US agriculture in drought. USDA – Office of the Chief Economist (18 August 2022). Click on the image to enlarge it

“Dry conditions have seen herds shrink for months, a pace analysts had been expecting has started to slow. However, there was 1.8% more Cattle placed in feedlots compared to estimates in a Bloomberg survey for a 1.3% decline, a U.S. Department of Agriculture report Friday showed.”

Cattle on fodder. USDA – National Agricultural Statistics Service (19 August 2022). Click on the image to enlarge it

The Bloomberg article noted that “‘Drought remains an important factor in mediationsaid Altin Kalo, an analyst at Steiner Consulting Group. ‘Report will work against cattle spreads on Monday’, with data confirming that near-term deliveries are reasonable.”

Elsewhere on Saturday, Bloomberg contributors Tarso Veloso Ribeiro, Tatiana Freitas and Marvin G. Perez reported that:

Extreme weather wreaks havoc on virtually every major cotton supplier in the world.

“In the India, the country with the highest production, heavy rains and pests have so badly affected the cotton crop that the nation is importing supplies. A heat wave in China worried there about the forthcoming harvest. In which USthe largest exporter of the commodity, an increasing drought devastates farms and will affect production the lowest level in more than a decade. And now Brazilthe second largest exporter Fighting extreme heat and drought which have already reduced yields by almost 30%.”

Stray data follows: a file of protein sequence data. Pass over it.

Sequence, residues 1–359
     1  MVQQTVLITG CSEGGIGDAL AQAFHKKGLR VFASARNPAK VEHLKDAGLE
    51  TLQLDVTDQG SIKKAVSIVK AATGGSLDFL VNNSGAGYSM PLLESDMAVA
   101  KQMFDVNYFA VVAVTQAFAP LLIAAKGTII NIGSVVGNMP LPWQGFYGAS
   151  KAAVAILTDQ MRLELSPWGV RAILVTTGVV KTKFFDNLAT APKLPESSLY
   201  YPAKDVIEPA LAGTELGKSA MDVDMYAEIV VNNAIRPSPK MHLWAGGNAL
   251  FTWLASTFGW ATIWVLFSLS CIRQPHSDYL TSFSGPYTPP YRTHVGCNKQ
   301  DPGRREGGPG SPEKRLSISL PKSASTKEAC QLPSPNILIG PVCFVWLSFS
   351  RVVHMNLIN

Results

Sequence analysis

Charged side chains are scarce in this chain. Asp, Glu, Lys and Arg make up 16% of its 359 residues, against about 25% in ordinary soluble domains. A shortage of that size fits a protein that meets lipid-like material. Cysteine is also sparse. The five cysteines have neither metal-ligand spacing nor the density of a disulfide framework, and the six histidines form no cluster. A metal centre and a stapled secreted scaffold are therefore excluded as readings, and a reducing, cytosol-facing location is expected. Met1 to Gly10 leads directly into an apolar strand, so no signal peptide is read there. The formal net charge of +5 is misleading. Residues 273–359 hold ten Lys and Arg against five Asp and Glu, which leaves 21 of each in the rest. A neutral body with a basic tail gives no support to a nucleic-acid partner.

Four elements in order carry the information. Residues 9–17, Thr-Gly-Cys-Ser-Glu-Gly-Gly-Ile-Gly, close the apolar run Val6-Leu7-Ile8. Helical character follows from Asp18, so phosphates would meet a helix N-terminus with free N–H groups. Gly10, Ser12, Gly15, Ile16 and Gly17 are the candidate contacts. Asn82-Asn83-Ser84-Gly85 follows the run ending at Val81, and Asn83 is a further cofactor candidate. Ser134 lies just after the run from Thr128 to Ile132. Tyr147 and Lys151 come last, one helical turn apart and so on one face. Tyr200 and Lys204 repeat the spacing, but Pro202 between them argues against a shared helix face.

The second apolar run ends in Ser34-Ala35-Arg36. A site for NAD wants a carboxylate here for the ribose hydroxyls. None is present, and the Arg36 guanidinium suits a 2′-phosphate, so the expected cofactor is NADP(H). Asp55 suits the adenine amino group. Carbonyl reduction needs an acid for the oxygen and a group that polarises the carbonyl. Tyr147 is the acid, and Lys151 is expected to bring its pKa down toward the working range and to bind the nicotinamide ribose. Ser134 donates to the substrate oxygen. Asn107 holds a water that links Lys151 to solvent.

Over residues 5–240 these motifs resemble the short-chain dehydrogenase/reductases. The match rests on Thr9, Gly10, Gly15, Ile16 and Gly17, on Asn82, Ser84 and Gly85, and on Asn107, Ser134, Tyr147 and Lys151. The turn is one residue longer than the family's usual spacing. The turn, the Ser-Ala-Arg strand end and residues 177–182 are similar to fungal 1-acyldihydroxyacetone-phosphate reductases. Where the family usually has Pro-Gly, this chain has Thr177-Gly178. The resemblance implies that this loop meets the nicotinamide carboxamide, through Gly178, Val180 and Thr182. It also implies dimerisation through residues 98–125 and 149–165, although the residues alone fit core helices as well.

In other weather reports regarding IndiaBloomberg contributors Pratik Parija and Vrishti Beniwal reported yesterday: “Indian Prime Minister Narendra Modi has boldly declared that his country is ready to ‘feed the world’ following Russia’s invasion of Ukraine. Less than four months later, the government has to think about grain imports.